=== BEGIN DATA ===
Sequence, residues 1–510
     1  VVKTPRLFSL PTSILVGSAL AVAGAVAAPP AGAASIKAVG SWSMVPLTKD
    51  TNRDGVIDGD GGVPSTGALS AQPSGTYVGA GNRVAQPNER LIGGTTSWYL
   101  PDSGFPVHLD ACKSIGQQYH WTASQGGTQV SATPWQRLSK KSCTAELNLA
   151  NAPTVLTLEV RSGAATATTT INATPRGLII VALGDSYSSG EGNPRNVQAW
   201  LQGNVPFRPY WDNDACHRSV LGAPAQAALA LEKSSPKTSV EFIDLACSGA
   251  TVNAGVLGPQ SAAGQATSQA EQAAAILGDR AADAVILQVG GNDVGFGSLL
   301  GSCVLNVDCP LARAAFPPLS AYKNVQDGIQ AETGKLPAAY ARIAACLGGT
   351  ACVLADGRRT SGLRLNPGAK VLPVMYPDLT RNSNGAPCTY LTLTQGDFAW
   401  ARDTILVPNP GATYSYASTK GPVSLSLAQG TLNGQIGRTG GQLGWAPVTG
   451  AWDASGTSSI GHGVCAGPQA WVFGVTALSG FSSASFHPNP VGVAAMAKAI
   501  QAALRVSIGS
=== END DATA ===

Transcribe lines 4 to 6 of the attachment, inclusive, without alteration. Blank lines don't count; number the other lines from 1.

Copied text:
   101  PDSGFPVHLD ACKSIGQQYH WTASQGGTQV SATPWQRLSK KSCTAELNLA
   151  NAPTVLTLEV RSGAATATTT INATPRGLII VALGDSYSSG EGNPRNVQAW
   201  LQGNVPFRPY WDNDACHRSV LGAPAQAALA LEKSSPKTSV EFIDLACSGA